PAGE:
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Safe harbor's demise means data laws are all at sea

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Note: The below article, written by Mike Morrissey of Sytorus and, was published by the Irish Independent on 20th October 2015

We are all very familiar with Edward Snowden and the activities of the NSA and GCHQ, which his whistleblowing revealed to a shocked world in 2013. The subsequent reaction has been mixed, from abhorrence to lack of interest, with most of us in-between, ultimately uncomfortable but not overly concerned.

One of the victims of the fallout was an agreement between the E.U and the U.S, called Safe Harbor, effectively a self-registering method to allow U.S. firms to declare that they would process the personal data of European citizens in line with European Data Protection legislation.

The European perspective has always held that the U.S does not provide, in its privacy laws, an adequate level of protection for the rights of European citizens when their personal data is being processed in that jurisdiction. The revelations of Edward Snowden did nothing to dismiss that opinion.

Therefore Safe Harbor played an important role in attempting to shore that gap.

With Safe Harbour torpedoed, no U.S. firm registered under that agreement is currently legally entitled to use the personal data of European citizens. For any organisation, in that situation, concern about litigation et al must be a real possibility.

But what about the rest of us, who may have no idea who or what companies possess our personal data? Is this something we should be concerned about?

The answer is, flatly, yes. The amount of personal data available about each one of us is staggering. Your information resides across, on average, thousands of databases, all over the world, most of which you have no idea about.

The public, in general, is becoming more aware of their rights enshrined within Data Protection law, and are beginning to question how companies use their information, all of which determines which brands they are prepared to give their loyalty to.

Indeed brand loyalty is a key factor now in how corporate businesses strategise for growth and profitability. Simply ask Apple! Consumers are more prepared to part with their personal data with businesses whom they trust.

Therefore this social awareness of Data Protection is becoming more pronounced, and businesses the length and breadth of the European Union, and further afield, are waking up to the reality that this is an area which needs to be dealt with seriously.

So, for the general public, the death of Safe Harbor should be a concern. Effectively no American company can guarantee protections for European citizens, unless they take action now and put in place other controls to ensure that the same level of protection is in place, as enforced with their European counterparts.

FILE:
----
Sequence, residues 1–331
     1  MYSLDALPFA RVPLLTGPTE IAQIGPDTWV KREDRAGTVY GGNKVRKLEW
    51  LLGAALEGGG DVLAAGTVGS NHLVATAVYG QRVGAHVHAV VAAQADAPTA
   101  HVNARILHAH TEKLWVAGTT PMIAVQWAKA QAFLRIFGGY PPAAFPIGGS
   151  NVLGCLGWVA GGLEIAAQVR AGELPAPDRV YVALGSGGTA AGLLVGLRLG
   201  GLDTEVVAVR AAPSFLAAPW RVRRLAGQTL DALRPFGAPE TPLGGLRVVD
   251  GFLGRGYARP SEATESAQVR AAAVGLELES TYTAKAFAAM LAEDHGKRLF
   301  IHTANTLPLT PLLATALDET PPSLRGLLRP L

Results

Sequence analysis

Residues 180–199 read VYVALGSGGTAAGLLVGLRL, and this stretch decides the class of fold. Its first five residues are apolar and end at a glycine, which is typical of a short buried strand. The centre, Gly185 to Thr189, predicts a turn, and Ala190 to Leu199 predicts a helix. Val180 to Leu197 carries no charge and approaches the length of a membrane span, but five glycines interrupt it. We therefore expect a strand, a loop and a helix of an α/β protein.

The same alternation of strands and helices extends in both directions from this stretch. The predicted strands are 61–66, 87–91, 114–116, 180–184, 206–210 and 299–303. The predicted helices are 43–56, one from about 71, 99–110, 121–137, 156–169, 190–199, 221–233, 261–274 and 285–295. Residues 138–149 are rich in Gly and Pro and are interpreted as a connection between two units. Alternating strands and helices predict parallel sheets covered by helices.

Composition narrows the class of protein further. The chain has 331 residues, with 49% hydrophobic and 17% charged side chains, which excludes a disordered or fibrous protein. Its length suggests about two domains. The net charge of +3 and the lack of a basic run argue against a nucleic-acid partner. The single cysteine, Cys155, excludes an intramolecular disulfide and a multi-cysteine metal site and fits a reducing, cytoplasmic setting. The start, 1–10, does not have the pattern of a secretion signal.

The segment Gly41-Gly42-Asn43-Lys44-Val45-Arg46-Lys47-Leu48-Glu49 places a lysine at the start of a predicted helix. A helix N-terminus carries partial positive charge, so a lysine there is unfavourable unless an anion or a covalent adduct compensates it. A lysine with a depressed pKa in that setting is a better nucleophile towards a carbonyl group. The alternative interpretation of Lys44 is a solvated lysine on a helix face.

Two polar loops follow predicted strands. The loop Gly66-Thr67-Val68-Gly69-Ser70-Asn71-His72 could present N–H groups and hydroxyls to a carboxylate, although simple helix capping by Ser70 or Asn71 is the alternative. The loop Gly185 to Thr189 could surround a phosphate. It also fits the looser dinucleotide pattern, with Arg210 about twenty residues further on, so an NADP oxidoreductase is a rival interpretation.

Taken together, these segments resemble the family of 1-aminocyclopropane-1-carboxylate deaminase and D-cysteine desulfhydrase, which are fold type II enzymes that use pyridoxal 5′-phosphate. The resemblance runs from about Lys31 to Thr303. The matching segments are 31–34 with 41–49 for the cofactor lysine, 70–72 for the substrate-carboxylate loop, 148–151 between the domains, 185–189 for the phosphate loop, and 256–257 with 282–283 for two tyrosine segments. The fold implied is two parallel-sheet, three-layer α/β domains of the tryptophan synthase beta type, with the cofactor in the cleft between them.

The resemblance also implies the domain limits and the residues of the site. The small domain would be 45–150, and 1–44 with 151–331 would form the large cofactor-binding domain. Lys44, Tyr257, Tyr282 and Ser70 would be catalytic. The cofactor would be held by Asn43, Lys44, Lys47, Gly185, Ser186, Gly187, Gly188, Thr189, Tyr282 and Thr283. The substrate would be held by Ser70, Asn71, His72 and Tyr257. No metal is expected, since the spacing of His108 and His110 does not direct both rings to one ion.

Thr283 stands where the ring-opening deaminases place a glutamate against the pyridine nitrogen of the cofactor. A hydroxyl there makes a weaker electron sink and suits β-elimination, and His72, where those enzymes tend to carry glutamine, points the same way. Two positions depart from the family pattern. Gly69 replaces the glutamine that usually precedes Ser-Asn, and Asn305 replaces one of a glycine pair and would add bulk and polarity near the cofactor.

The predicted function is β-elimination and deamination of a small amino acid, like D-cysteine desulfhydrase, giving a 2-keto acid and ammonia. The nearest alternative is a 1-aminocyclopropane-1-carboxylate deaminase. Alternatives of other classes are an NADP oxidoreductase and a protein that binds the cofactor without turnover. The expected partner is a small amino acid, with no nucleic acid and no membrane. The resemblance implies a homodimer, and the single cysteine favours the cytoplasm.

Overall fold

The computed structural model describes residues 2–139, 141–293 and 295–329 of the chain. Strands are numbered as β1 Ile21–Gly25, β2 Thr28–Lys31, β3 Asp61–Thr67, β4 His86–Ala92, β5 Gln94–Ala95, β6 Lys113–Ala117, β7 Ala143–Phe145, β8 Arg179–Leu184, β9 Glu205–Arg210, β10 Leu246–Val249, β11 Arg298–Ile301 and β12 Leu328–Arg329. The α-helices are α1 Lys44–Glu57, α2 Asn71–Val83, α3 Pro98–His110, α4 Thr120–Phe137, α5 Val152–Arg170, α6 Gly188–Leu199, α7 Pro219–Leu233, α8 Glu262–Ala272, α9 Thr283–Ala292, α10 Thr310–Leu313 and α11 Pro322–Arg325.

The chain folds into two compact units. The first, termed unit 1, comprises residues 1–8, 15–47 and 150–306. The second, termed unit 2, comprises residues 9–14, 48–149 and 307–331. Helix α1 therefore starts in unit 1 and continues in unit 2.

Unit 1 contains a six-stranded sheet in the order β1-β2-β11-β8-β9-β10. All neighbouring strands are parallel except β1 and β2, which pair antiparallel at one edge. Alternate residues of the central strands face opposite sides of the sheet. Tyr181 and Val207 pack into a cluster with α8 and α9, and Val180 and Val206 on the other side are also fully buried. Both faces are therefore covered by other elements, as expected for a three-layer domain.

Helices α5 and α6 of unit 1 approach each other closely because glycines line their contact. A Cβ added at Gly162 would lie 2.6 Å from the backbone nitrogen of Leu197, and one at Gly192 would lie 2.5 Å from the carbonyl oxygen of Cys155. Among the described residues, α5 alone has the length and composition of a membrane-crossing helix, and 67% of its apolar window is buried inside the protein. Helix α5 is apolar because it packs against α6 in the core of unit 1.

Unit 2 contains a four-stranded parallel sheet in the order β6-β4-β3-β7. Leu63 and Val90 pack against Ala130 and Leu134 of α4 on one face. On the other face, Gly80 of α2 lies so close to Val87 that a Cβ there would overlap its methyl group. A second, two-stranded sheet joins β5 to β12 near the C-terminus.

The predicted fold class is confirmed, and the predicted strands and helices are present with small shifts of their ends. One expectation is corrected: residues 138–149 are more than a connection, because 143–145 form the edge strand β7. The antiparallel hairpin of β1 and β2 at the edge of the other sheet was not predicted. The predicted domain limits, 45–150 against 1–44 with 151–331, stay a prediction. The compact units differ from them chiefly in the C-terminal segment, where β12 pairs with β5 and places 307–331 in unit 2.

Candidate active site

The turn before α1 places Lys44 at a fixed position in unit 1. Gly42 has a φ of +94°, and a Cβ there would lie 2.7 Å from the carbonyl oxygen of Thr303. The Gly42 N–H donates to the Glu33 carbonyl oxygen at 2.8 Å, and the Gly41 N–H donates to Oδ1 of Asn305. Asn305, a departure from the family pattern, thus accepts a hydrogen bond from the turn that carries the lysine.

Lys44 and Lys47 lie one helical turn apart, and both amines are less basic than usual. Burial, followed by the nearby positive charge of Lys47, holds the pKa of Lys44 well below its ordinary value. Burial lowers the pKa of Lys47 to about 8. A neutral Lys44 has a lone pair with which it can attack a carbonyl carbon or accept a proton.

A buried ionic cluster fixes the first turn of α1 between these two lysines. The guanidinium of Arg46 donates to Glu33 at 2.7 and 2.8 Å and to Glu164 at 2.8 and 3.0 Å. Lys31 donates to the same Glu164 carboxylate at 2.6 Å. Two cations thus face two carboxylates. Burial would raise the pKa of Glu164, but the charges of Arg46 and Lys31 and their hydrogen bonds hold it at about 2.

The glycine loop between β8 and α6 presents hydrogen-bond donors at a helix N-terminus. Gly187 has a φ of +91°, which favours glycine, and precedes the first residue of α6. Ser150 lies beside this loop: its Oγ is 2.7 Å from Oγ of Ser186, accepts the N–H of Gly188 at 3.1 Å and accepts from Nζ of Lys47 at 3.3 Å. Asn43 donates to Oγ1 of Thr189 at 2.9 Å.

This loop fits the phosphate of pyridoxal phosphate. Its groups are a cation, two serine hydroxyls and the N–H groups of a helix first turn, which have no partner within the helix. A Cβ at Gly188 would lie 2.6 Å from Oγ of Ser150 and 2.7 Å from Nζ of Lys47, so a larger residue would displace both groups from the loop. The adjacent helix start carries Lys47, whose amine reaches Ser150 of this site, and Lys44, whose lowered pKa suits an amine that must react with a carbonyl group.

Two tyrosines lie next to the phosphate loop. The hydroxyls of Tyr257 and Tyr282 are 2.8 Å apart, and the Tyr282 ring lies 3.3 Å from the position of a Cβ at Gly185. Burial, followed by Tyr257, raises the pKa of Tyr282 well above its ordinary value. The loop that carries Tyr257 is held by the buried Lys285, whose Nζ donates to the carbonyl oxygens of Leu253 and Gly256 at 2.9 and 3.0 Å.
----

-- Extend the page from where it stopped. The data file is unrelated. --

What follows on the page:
Most companies will attempt to do this using ‘Model Contracts’, effectively a template contract, created by the E.U. Commission which is very heavy on terms referring to the rights of the individual person. But these contracts have little, if anything, to say about the specifics of the processing itself.

Here is the rub, and likely where the warts and all come out in the post-Safe Harbor world. The key point behind Data Protection, which many organisations do not practice in reality, is that companies are expected to maintain absolute and verifiable control of the processing of personal data, whether through themselves or by third parties under their instruction. Most of those who signed up to Safe Harbour, and believe you me, there are many in the U.S. who never have, are unlikely to ever have put together, in partnership with their European partners, an actual Data Protection contract/agreement that specifies precisely what data is being processed, and importantly, how.

Fundamentally, this is where the difficulties will arise. U.S. firms will now need to account for the detail of the actual processing, to ensure it is not excessive. Also they will now have to comply individually with the unique take on Data Protection law exercised within each country of the E.U. There is just enough variation in each to provide a serious headache for any organisation operating in each EU country.

Large US firms may open themselves up to further legal challenge and may in turn opt to restrict the services they provide in Europe, until such time as an alternative to Safe Harbor is found. This could mean that European citizens may lose out on commercial benefits and services from U.S. brands for a period of time, unfortunately.

Ultimately, Data Protection law is designed to protect your rights. The death of Safe Harbor may end up accelerating companies into taking their obligations to uphold your rights more seriously, and begin real change in implementing the necessary steps to demonstrate they can really be trusted with your data.